Walter Moss: We tend to forget or marginalize environmental problems while putting to the forefront more immediate concerns like money or whatever stories our media tells us are most important
Unai Montes-Irueste: Our eagerness for stories, involving athletes from around the world, as enthusiastic viewers of the Olympic games, juxtaposes paradoxically with our intolerance for our own immigrants’ stories, even if those immigrants are athletes who win medals for the US.
Shamus Cooke: For Occupy to grow into a democratic revolutionary movement, the working majority of the population must join in, requiring that Occupy broadcast a message based on concrete working-class demands.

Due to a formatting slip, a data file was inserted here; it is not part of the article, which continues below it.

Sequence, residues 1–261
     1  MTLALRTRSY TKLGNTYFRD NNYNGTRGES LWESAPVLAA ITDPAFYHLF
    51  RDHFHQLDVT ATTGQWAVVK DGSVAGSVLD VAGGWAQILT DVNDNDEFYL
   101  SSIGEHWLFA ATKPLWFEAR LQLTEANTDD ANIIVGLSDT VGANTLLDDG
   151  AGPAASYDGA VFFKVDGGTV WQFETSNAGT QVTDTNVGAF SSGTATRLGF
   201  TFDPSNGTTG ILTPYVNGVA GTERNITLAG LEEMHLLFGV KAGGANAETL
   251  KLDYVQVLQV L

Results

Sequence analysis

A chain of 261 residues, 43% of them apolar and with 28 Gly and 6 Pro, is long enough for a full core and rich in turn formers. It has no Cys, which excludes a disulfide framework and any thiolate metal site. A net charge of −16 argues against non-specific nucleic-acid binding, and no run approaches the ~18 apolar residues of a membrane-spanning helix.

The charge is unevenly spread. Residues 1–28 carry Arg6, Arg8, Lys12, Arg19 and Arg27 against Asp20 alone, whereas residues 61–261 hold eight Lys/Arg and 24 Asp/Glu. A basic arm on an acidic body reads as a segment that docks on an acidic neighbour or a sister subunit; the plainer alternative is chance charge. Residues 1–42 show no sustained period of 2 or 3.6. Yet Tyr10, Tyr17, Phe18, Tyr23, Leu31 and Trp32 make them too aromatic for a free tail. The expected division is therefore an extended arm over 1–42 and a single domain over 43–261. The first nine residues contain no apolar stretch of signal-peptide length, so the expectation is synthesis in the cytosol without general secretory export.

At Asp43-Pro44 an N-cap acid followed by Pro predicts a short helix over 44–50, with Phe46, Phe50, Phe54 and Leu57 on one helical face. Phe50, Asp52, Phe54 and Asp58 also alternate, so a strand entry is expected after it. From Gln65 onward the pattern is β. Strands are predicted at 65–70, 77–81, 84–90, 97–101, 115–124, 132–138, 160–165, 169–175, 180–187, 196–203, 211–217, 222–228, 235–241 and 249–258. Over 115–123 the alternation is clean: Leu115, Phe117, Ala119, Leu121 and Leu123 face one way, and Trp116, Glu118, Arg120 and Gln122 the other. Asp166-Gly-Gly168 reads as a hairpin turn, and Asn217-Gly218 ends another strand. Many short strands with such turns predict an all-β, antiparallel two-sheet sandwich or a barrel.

Brent Budowsky: Never before in American history has unemployment been so high, yet neither the president nor Congress pushes for a major jobs bill.
Brent Budowsky: This wasteland is worsened by waves of negative campaign advertising paid for by partisans and special interests, and by many TV “commentators” who repeat the mudslinging and spin instead of the serious discussions voters and viewers hunger for.
Brent Budowsky: What does it tell us that even after the 2010 election in what was called the year of the Tea Party, Americans chose a populist progressive Democratic president, not a Republican or conservative president, as their favorite over the last 50 years?